Auckland's early homes were mostly cottages built of lapped horizontal weatherboards. While working-class Aucklanders lived in small cottages, of two to four rooms with a skillion (lean-to), villas were the homes of the middle class.
"The most expensive villas became increasingly elaborate; some had angled bays with hipped roofs, lengthy covered verandas with possibly fretwork adornment, and perhaps, though more rarely, roofs of imported slate," Stone wrote. By the 1870s, galvanised iron replaced the fire-hazard wooden shingles on roofs.
Suburban Auckland was beginning to take shape.
Onehunga, then a thriving port on the Manukau Harbour, was the largest of the city's outposts, plumped up with retired British soldiers who'd migrated as Fencibles to form a defence against possible Maori attack. The township of Howick was established in 1874 by Fencibles given a cottage and an acre of land as payment for seven years' service.
Transport opened up new neighbourhoods to the north, south and west. The Devonport Steam Ferry's regular services across the Waitemata in the 1880s gave birth to the daily working commute from the North Shore to the city. Rail lines to Onehunga, Helensville and the Waikato encouraged the growth of settlements along the routes, like Otahuhu, Papakura and Henderson.
The Kiwi romance with owning your own single-detached home at the front of a grassed quarter-acre section was already in full bloom.
After World War I, Californian bungalows - low-slung, two to three-bedroom homes with deep porches and bay windows - answered the demand for more middle and lower income housing in suburbs along the electric tram lines, such as Mt Eden and Balmoral. Pockets of Spanish Mission and Art Deco homes sprang up in the new suburbs of the 1930s.
It was the state house that made one of the most indelible marks on Auckland's housing landscape. As the inner city became run-down at the turn of the century, better-off families moved to established communities in Remuera and Epsom and new suburbs such as Mt Albert. The poor remained - and the run-down workers' cottages and boarding houses behind the sawmills and shipyards of Freeman's Bay became the city's embarrassing slums.
Such squalid living conditions, coupled with extortionate rents, led to government intervention. Premier Richard Seddon's attempt to build houses to rent to working families in the 1900s failed to fire, but by the late 1930s, on the back of an urban housing shortage, state housing areas began sprouting up across Auckland.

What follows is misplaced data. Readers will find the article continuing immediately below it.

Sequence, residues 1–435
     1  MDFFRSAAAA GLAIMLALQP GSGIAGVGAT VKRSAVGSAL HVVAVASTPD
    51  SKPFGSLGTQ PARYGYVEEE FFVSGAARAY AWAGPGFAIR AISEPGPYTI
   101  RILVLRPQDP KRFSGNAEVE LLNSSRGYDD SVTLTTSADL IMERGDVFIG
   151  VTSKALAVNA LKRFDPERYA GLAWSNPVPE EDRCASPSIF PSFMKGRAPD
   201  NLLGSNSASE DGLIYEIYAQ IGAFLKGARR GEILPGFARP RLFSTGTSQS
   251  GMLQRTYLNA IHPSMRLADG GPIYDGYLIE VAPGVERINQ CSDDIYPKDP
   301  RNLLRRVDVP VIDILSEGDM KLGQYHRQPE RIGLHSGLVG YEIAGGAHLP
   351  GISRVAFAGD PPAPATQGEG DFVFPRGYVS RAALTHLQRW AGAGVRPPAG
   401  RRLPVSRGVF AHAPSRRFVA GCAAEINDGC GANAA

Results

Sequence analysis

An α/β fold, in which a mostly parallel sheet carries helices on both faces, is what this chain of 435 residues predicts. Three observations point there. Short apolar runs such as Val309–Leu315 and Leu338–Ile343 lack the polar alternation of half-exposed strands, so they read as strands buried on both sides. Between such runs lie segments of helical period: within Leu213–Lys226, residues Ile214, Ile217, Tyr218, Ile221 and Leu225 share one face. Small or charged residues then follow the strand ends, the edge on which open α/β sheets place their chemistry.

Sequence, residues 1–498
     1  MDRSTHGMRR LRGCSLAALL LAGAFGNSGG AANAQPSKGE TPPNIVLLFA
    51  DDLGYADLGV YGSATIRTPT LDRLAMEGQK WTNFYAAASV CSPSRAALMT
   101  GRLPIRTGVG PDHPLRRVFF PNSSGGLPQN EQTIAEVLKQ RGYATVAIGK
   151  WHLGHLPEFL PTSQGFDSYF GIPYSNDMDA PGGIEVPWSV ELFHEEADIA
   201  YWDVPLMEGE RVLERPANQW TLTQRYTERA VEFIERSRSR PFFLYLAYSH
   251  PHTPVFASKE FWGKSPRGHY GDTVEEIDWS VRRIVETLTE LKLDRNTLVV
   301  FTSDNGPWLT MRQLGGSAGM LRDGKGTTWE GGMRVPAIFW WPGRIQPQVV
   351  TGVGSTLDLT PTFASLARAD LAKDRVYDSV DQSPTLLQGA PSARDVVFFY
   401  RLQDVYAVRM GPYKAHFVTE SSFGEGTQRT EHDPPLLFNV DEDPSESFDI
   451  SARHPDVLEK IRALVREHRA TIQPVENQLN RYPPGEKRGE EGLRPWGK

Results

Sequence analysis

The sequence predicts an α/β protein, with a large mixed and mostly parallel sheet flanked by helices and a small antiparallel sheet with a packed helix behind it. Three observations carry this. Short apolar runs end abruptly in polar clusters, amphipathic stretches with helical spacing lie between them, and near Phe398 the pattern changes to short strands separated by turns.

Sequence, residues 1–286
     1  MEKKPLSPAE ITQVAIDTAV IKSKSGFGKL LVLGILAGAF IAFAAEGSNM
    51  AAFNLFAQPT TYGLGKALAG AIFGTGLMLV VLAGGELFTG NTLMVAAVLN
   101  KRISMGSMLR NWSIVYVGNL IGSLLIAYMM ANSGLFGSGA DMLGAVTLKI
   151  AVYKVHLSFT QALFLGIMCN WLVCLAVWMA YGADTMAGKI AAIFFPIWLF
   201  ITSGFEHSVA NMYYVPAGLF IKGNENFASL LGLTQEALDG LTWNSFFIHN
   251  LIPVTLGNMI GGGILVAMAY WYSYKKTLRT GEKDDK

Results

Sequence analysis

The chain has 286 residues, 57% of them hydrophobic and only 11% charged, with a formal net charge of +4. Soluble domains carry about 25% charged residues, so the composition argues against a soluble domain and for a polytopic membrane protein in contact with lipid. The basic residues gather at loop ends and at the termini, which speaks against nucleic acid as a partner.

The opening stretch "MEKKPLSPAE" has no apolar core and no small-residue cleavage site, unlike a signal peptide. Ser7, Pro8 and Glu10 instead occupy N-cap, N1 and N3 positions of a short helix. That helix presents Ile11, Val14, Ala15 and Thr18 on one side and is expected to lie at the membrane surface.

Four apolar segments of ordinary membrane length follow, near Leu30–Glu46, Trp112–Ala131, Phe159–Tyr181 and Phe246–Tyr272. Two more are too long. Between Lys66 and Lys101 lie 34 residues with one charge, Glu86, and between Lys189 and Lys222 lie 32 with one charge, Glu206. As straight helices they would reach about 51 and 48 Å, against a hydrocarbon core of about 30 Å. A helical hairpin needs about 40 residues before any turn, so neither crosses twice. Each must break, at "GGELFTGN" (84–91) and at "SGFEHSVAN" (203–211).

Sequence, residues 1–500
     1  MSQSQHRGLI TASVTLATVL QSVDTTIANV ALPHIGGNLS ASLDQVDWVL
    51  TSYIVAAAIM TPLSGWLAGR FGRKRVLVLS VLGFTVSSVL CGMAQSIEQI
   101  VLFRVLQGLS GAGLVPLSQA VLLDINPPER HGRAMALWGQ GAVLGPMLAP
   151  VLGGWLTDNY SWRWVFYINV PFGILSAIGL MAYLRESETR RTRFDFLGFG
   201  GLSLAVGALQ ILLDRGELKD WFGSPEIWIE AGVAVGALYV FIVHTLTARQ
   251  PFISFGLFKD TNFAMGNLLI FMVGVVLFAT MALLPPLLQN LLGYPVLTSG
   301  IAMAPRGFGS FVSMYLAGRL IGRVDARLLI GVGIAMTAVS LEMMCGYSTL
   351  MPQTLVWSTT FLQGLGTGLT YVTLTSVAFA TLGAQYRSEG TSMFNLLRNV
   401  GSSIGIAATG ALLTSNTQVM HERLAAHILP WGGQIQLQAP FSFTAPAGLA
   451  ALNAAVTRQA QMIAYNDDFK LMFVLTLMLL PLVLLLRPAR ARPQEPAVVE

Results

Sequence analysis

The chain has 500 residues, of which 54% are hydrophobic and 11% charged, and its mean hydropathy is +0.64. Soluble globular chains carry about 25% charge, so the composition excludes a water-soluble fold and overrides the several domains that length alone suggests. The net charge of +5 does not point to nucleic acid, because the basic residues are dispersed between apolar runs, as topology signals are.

A model estate of more than 2000 stand-alone houses was built in Orakei. Urban legend has it the first home in Coates Ave was handed over to young unionist (later politician) Tom Skinner, Prime Minister Michael Joseph Savage helping to haul his furniture. However, the Herald reported on December 11, 1937, that the first tenants to move in were YMCA physical drill instructor J.C. Bonham, his wife and two children, who slipped into their four-bedroom home "practically unnoticed".
Inner-city blocks of flats opened in Symonds St and Greys Ave in the late 1940s and, in South Auckland, a large block of farmland was transformed into a state housing development in Otara, drawing urban Maori and Pacific immigrants; it was later criticised for a lack of community facilities. That was a common grievance through the 50s and 60s as sprawling new suburbs rapidly emerged but were undersupplied with basic amenities of footpaths, street lights, community centres and libraries.
Aucklanders' reliance on cars and the construction of the city's motorway networks saw it become one of the most dispersed cities in the world. State-subsidised mortgages meant more families could buy their quarter-acre dream.
In the years leading up to the opening of the Auckland Harbour Bridge in 1959, thousands began buying homes on the North Shore in anticipation of the steel connection to the city's heart. Building companies such as Fletchers and Neil Homes added thousands of low-cost houses to the once-rural landscapes of Pakuranga and the Te Atatu Peninsula.
As the problems of urban sprawl - like traffic snarl-ups and infrastructure shortfalls - weighed heavily on Auckland's planners, new kinds of infill housing emerged. While the "sausage flats" of the 1960s - links of single-storeyed flats on cross-leased sections sharing driveways - weren't well-received, townhouses built on subdivided sections were more successful.
The CBD went through a revival in the late 1980s - through more job opportunities and the rising cost of stand-alone homes - and the demand for high-rise apartments grew, and continues to grow.
By 2009, Auckland had 17,500 apartments; today there are 26,500 apartments in 393 buildings across the city, says commercial real estate agency CBRE.
The upsurge of apartment life has not been completely at the expense of history, however. In fact, on the slopes of gentrified Freeman's Bay, some of those Victorian workmen's cottages once sentenced as slums have been restored and revamped; 1880s wooden houses on as little as 250sq m of land are now valued around $1.2 million.
Auckland's history paid off for some.